Kushal: I think it's interesting how you talk about, you know, the sum of all of these things being greater than each of them individually. And I think that's really true for so many of these initiatives, right, like whether it comes to community, whether it comes to diversity and inclusion efforts women in sales, I think the fact is that people together can do so much more than they probably could do in isolation. And now's a great time to learn that. I think the other cool part is also that with the entire world, kind of not the entire but with such a large part of the world going online, and digital, it's so much easier for people to connect with each other, right. And that's probably part of the reason why we're able to rally community so much great. I love that Katherine. Yeah, I think it's powerful, how technology and people can really come together into a lot of really amazing things, no matter where they may be based. So Katherine, we're kind of towards the end of this. I guess one of the things I'd love to know from you is, you know, what can people really reach out to you for and what's the best for you? So I think that sounds pretty incredible. The idea of yeah, just the courage to do things differently, even if they don't scale, right. But yeah, I think that's powerful. I feel like you know, so my personal thought on that my hypothesis rather, is that a lot of these crashes happen when you're talking, when you're kind of scaling up things, right. If to a smaller team, if they're just you know, one person sort of leading on something or a couple of people just with one head, then it's sort of easy to keep everyone valued and part of the same team. But when you kind of scale up and you have one person in charge of one separate thing, then I think there are many more chances of people stepping on each other. So that's possibly what happens here as well to sales and marketing. It's sad, though, the funniest thing is Katherine, you know, I've read that article a couple of times as well. And whenever I'm speaking to Shruti, maybe about a new idea, I'm like, is this thing like, oh, I want to hold on to all this. Well, like I want to share, and let go off make. Katherine, thanks so much. I think this was a super amazing chat to have. Thank you for being here.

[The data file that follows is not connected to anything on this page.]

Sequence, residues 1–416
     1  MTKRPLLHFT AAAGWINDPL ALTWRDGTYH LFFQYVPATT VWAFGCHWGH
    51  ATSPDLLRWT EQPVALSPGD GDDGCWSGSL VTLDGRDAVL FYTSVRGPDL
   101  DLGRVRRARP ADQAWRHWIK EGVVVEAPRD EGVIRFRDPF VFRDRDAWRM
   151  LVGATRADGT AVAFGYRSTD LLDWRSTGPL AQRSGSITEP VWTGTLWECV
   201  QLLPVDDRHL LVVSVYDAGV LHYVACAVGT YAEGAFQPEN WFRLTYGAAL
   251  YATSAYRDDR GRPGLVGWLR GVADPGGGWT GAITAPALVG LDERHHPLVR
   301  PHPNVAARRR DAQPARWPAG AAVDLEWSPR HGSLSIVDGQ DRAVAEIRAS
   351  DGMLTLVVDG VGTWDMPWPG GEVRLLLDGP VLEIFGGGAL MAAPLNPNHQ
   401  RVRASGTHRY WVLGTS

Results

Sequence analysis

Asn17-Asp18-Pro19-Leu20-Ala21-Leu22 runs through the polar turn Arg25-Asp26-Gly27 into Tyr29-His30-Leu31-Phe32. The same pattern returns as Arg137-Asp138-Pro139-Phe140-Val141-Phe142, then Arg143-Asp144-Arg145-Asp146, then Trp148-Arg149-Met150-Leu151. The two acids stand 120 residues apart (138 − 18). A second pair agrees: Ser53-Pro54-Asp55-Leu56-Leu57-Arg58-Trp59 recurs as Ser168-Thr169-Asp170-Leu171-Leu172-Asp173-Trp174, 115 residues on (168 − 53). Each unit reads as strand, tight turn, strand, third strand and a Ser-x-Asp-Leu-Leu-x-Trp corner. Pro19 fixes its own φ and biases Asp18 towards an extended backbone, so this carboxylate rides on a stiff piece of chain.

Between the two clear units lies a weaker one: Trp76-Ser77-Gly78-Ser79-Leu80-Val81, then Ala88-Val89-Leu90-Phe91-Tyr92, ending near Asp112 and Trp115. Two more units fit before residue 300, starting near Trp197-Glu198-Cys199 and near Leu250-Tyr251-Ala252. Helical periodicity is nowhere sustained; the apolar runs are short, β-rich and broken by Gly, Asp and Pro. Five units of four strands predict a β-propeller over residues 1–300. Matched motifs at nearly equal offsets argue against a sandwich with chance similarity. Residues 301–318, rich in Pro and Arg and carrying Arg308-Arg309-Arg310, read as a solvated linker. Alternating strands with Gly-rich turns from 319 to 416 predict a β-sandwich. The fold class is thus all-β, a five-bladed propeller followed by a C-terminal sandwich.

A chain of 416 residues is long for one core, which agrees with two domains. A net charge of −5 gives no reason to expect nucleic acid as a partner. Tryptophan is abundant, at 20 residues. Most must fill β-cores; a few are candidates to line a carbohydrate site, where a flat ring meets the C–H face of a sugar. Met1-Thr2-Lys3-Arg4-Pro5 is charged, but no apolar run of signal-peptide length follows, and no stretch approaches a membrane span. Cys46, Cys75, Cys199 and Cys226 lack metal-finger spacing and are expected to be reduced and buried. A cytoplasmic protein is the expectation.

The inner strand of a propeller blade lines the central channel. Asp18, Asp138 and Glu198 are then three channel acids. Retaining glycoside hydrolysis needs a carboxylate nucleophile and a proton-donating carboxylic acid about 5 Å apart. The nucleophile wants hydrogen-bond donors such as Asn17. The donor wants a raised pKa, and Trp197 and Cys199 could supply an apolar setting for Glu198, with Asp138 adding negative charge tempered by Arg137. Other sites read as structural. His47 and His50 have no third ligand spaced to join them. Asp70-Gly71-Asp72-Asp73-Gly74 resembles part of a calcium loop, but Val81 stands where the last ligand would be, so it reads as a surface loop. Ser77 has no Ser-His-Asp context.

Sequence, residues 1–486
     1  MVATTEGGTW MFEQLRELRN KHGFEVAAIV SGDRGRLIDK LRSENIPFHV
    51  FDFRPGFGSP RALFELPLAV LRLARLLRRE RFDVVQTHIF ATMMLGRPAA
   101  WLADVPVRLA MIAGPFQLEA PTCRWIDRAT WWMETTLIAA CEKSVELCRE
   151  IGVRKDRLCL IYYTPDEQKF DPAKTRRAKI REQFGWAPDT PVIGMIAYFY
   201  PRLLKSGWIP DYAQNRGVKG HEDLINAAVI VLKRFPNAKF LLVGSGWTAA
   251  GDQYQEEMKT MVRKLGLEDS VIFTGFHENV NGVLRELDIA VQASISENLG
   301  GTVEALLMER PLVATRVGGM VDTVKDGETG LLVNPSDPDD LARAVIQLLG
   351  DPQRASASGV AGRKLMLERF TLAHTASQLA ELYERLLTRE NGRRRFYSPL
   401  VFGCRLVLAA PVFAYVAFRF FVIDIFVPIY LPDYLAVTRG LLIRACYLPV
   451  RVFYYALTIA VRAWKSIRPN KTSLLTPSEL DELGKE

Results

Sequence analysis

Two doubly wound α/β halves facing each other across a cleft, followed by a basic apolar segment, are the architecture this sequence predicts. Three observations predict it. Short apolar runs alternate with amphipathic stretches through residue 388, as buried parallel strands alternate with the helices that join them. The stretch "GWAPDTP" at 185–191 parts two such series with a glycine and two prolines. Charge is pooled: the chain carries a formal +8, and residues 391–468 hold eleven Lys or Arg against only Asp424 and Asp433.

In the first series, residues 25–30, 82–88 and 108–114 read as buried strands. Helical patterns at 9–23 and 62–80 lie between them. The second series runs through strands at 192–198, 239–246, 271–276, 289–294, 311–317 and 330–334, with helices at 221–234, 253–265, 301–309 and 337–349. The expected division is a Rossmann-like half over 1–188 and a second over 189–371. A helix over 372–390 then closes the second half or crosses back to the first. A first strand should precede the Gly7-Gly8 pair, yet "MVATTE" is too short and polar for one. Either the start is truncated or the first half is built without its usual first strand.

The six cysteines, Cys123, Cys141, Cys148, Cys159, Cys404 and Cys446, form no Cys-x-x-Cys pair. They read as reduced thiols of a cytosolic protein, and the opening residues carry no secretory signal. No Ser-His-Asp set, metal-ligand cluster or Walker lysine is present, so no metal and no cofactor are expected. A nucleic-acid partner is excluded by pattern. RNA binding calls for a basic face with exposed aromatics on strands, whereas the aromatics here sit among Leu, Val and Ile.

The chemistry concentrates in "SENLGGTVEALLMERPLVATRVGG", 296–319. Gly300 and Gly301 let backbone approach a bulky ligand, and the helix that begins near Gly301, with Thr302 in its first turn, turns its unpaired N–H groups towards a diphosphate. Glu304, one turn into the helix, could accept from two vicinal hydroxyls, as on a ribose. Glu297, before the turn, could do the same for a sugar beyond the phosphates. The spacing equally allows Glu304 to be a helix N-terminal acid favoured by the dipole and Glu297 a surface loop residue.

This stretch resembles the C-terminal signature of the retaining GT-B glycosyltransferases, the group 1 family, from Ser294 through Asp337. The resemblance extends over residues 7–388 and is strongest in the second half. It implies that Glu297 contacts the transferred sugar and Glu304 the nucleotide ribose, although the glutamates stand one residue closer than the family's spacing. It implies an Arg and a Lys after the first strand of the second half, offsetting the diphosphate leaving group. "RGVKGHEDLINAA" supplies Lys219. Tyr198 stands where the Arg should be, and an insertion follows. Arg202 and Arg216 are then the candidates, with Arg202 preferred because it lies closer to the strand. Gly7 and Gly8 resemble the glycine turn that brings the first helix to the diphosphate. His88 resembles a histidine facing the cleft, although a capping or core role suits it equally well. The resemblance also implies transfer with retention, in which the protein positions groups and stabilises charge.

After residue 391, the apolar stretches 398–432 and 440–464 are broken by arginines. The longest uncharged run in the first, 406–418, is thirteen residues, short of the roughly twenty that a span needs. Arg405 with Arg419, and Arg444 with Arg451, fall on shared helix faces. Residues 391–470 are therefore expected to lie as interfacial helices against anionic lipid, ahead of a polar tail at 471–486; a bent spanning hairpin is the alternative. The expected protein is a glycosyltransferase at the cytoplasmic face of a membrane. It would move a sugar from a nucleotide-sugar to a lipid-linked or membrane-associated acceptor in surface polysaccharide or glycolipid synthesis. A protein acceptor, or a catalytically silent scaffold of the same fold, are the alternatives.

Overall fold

How inclusivity is a team sport: Katherine on women in sales